COLUMBIA, S.C. — Cadaver dogs looking for a South Carolina boy searched his mother's car and home as she sat in jail on charges of lying to police about what she did with her son, though authorities were not saying whether they found any evidence the toddler was dead.

Despite the grim search, authorities tried to stay optimistic about finding Amir Jennings alive, but the case was getting harder to solve as time goes by. Amir's grandmother said she hasn't seen him since Thanksgiving.

The boy's mother has told police conflicting stories about her son, saying he was with friends and family in the Carolinas and also Georgia, authorities said.

"I'm really just focused on making sure that Amir is OK, or has some harm come to him?" Columbia Police Chief Randy Scott said. "That's what we don't know. That's what we cannot find out."

Amir's grandmother contacted police in early December, saying she was worried about the boy and her daughter, a former Winthrop University student who struggled with depression and had begun acting erratically since her son's birth.

Police say they began looking for Zinah Jennings, 22, but also considered that relatives said she had repeatedly left town for days at a time, taking her son to visit friends in neighboring states.

"The grandmother told me specifically that, when she was in school, she was a very good person, a very good student," said Scott, adding that relatives had filed several previous missing persons reports on the mother. "But once the baby was born, the conduct kind of changed."

Several weeks later, on Christmas Eve, police investigating a one-car wreck just blocks from Jennings' home were surprised to find the driver was the young mother they'd been looking for. Interviewed at a hospital, police say Jennings immediately began giving conflicting statements about where the boy was.

"First it's, 'He's with my sister in Atlanta. Oh no, I'm sorry, he's with my friend in Charlotte,'" he said. "It's all over the place. ... Everything she's telling us is just lies."

Police spoke with Amir's father, who told them he had seen the boy during Thanksgiving but generally has had little contact with him. The father was not identified by police.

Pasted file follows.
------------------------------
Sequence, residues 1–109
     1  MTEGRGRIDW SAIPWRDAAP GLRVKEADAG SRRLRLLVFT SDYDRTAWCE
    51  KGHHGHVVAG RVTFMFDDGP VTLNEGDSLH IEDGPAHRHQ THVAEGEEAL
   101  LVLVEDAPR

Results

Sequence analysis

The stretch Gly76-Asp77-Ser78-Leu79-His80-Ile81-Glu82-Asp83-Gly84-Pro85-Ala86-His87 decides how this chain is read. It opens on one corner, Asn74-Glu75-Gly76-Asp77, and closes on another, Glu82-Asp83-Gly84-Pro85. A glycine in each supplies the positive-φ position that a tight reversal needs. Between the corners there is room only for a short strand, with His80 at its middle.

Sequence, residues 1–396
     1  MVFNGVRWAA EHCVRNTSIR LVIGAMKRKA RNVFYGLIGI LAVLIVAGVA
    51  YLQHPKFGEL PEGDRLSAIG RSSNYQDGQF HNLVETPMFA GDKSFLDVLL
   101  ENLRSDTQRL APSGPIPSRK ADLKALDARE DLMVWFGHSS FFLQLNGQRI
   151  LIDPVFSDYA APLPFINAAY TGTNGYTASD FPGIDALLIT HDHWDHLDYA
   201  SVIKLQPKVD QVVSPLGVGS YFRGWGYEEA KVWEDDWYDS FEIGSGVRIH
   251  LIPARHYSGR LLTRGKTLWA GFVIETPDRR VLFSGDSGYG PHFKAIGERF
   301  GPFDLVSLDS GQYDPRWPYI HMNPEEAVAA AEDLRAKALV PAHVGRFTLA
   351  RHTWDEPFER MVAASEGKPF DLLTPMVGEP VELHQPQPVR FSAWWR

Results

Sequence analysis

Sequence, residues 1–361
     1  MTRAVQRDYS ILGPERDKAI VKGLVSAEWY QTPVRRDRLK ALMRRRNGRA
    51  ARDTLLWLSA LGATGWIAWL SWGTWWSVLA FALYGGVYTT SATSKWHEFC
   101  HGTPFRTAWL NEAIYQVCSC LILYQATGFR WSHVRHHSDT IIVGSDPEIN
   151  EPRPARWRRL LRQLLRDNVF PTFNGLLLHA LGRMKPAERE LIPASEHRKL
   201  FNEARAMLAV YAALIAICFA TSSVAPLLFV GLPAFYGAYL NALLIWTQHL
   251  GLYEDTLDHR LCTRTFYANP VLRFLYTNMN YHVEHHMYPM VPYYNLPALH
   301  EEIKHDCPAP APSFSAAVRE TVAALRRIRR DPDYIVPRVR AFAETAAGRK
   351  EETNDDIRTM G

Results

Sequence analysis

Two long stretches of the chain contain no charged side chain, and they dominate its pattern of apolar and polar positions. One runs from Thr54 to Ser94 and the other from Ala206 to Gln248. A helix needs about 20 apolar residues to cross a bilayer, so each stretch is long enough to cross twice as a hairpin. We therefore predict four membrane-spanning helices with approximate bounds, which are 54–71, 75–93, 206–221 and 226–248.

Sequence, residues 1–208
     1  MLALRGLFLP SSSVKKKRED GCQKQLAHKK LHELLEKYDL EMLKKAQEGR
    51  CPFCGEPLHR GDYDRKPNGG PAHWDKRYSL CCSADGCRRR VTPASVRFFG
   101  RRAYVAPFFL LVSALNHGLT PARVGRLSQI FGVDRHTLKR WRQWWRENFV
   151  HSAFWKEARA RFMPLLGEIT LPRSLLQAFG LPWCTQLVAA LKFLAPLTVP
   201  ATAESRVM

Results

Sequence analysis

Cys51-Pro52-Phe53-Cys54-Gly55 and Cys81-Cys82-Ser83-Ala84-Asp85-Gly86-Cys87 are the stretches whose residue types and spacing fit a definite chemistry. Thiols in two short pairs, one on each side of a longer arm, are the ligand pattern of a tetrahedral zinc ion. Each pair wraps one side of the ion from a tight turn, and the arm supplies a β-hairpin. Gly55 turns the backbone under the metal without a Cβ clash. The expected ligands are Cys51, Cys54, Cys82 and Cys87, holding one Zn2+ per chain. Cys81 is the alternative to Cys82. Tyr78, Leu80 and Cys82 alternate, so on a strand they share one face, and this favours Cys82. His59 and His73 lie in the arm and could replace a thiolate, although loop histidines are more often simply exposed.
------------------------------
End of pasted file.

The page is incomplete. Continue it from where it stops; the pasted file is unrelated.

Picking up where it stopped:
After several dead ends, the mother was arrested Dec. 29 and charged with lying to police about her son's whereabouts. Authorities say they have stepped up their efforts to find the boy and are hoping a tip line will yield some information.

"I'm trying to stay optimistic about this," Scott said. "But short of being optimistic, this case bothers me."

Police did not know if Jennings had an attorney. On Thursday, the woman's mother said the family was planning to speak out and would issue a statement, although nothing was received by late afternoon.

Scott said he's struggling to remain optimistic that Amir will be found unharmed. He would not discuss any evidence police have collected from the mother's home or car.

"It's the way this whole case is playing out," Scott said. "It's more than just that the child is missing. The mother is lying about the whereabouts of the child."

There was no answer Wednesday at the blue, two-story home where police say Jennings, her mother and son live, its door and front porch still festooned with Christmas decorations. The house, just a few blocks from one of Columbia's busiest thoroughfares, is on a quiet, tree-lined street of other one- and two-story homes, some with fenced- in yards and porches.

"We see each other and speak and say hello," said Selwyn Young, who lives across the street from the Jennings family and said he recalled seeing Jennings pushing the baby around the neighborhood and walking the family's dog. "Hopefully they find him. Hopefully they get it right."